Disco Will Persevere and So Will We
In 1978, during the apex of disco, Gloria Gaynor proclaimed “I Will Survive,” and the world listened. A year later, disco was declared dead. Disco is one of the most resilient genres to ever exist. Hated from the beginning due to its social and political context in America, disco has fought to the death for its survival. Its many reincarnations still fight today for their rightful place in American popular music canon.
Disco was born on Valentine’s Day in 1970, and had its debut at The Loft nightclub in New York City. New York City’s marginalized youth fled to The Loft and discotheques of the like to escape the prejudice of Richard Nixon’s America. Disco-ers were unsatisfied with America. The Watergate scandal had just transpired; queer people, women, and people of color were still enduring extreme prejudice; a recession was unfolding as a new president, Jimmy Carter, was taking office. Discotheques were safe havens from the harsh reality of being a marginalized person in the 1970s, as the culture of disco was inclusive and inviting. Disco was stigmatized from the get-go because it represented what conservatives in the 1970s hated: sex, drugs, and gluttony. Disco’s audience and warm and tender embrace of dance counterculture made disco Public Enemy No. 1 to disco haters; as it represented vice and sin itself. Despite America’s fervent hate for all things disco, it and all its followers persisted until Disco Demolition Night on July 12,1979, when a crate filled with disco records was blown up on a Comiskey Park baseball field in Chicago—on this night disco was, temporarily, dead.
But after its untimely death, disco once again rose up, persevered, and survived—just in different forms. Disco’s devoted followers didn’t miss a beat and created post-disco, ranging from the stripped down, R&B tinged “boogie” music of Parliament Funkadelic, to the sugary and sarcastic “dance rock” of the Tom Tom Club. The scattering of the disco community made it safer to be a disco fan amidst the Reagan conservatism that dominated much of the 1980s. In the late 1990s and early 2000s, the Anti Disco-ers had stopped their hollering and disco became a little less taboo. As movies such as Boogie Nights and Forrest Gump popularized disco culture to demographics far removed from it, disco was thrust into the spotlight again, but this time it was a voyeuristic one. During this time, I fell in love with disco: my dad played the BeeGees in the car, I had a disco themed birthday party, I did more research than humanly possibly on the Diane von Furstenberg wrap dress. I enjoyed disco but I didn’t get disco, and I didn’t truly get it until recently, when I discovered vaporwave.
Vaporwave is a micro-genre of electronic music and an all-around internet culture phenomenon that emerged in the early 2010s. Although this style of music may not sound like good ol’ golden age disco, vaporwave champions the modern-day spirit of disco. Born out of millennials’ satirical take on consumer capitalism and popular culture, vaporwave tackles American youth’s dissatisfaction with the society they see and experience around them. At vaporwave’s core is an anti-capitalist sentiment and the idea of inclusion, as vaporware can truly be anything chill, sample-saturated, and nostalgic. Internet forums were the meeting places for vaporwave lovers and many met and discussed all things chillwave on online platforms such as Reddit and 4chan. Pioneers of vaporwave like Ramona Xavier, James Ferraro, and Blank Banshee were essential to creating vaporwave’s Muzak-from-Consumer-Hell sound, but with this consumer satire also came important messages. In Blank Banshee’s 2012 song “Teen Pregnancy,” a theme of desperation peaks through the song’s distorted vocals and overall silliness. “Teen Pregnancy” pokes fun at TV consumers’ fascination with teen pregnancy (16 and Pregnant was already in its 4th season in 2012), but it also discusses how much it sucks to be a kid. About 43 seconds into the track, the vocal samples say repeatedly “I’m just a kid;” somewhat showing empathy and compassion towards Millenials’ existence.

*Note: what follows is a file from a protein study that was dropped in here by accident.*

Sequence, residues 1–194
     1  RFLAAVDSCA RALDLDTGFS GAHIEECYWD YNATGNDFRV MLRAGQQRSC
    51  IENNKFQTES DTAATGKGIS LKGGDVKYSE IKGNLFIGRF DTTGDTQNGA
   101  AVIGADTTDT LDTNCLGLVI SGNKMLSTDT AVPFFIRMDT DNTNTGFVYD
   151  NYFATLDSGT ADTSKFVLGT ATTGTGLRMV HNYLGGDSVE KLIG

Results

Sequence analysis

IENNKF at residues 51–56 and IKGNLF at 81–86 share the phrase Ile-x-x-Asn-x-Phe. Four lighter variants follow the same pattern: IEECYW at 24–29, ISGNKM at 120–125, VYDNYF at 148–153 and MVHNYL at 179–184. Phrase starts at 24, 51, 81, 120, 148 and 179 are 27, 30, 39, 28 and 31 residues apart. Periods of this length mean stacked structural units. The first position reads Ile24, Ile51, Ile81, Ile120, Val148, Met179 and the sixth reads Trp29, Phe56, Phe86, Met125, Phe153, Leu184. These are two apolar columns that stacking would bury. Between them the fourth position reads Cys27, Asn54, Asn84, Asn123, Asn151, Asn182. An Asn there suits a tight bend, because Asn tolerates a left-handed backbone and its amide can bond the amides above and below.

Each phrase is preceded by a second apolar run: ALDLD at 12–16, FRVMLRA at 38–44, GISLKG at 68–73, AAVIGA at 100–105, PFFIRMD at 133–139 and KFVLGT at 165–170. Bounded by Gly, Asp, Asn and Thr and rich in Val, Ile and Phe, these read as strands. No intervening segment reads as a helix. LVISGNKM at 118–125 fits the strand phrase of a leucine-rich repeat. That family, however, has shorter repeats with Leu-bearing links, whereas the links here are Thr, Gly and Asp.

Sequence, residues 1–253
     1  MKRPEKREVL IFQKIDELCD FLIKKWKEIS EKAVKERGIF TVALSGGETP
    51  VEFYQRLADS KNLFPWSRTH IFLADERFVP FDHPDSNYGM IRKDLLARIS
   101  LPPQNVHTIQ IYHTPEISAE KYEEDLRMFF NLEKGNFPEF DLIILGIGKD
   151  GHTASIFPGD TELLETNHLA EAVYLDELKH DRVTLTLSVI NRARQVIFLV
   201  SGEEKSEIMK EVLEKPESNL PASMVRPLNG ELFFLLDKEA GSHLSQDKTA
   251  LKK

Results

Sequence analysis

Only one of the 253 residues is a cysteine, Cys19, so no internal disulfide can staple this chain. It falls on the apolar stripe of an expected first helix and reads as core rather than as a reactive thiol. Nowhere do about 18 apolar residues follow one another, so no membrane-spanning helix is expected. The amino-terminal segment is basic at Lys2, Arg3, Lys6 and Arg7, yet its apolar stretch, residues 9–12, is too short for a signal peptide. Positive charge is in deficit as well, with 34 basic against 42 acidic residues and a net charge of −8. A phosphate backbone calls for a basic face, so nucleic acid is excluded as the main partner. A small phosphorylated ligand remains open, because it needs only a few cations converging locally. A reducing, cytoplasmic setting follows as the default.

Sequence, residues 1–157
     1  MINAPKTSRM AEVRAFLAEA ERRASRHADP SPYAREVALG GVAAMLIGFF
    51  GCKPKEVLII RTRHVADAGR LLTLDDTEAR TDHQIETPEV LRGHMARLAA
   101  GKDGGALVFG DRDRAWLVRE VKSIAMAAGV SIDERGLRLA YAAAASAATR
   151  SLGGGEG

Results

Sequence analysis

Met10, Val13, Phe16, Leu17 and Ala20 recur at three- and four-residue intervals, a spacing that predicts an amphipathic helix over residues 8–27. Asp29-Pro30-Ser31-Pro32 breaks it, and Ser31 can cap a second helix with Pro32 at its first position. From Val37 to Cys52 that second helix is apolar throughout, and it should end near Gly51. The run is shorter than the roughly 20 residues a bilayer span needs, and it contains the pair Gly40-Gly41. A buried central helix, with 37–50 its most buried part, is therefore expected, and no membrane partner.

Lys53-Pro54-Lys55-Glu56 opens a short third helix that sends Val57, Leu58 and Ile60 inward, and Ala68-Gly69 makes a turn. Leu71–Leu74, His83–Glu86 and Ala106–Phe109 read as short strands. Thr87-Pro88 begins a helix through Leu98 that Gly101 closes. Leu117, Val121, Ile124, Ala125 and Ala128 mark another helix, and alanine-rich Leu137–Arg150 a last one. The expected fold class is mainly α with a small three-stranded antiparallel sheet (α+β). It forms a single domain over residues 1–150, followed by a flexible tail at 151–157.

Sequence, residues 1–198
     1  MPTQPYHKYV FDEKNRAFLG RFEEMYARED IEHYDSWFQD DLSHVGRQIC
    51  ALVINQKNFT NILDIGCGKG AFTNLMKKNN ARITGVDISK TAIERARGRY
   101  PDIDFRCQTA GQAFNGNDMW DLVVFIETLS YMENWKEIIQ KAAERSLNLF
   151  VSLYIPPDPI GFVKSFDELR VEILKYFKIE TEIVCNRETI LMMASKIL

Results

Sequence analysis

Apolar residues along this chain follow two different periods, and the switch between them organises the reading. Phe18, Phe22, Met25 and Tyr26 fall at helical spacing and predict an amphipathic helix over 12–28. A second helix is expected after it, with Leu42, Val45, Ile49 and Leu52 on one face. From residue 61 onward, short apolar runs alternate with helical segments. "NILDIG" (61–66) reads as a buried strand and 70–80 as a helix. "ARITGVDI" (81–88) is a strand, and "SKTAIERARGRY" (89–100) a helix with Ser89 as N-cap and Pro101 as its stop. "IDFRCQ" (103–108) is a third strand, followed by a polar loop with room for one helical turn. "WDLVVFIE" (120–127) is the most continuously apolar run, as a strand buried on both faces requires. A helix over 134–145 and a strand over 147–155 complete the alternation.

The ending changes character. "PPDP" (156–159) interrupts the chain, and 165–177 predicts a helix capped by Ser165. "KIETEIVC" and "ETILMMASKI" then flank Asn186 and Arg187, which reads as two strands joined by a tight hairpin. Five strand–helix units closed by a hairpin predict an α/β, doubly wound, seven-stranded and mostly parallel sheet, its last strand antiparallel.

Vaporwave was so important to internet communities in the 2010s because it championed the outsider and uplifted the hopeless with sarcastic and sometimes dark humor. Vapor reached its peak in 2013 when the Swedish rapper Yung Lean burst onto the scene. Yung Lean combined hip-hop and the chill beats of traditional vaporwave. Yung Lean’s boyish and melancholy bars resonated with vaporwave and indie hip-hop fans alike. He was the Internet Prince and the King of the Sad Boys who united two completely separate genres that realized they were more alike than they once thought. However, when Yung Lean released his 2014 album Unknown Memory, vaporwave quietly passed away with its release, because the market became oversaturated and uninspired. Vaporwave, just like disco, was taken over by those who disparaged it in the first place. Alas, disco became white and suburban right before its death. Vaporwave faced a similar fate and became riddled with fascists before it kicked the bucket in 2014.
The story of the many lives of disco is an interesting one. Today you can find disco in the niche corners of Instagram artists’ accounts, and you can even hear the disco masterpiece that is More Disco Songs About Love, a 2018 album by the band De Lux. Disco isn’t just a genre of music or a style of dance, it’s a culture of perseverance and grit, for its supporters, the overwhelmingly marginalized, it is a calling to be persistent, to fight and carry on. Cue Gloria Gaynor’s “I Will Survive.”
Photography by: Jessica Monroe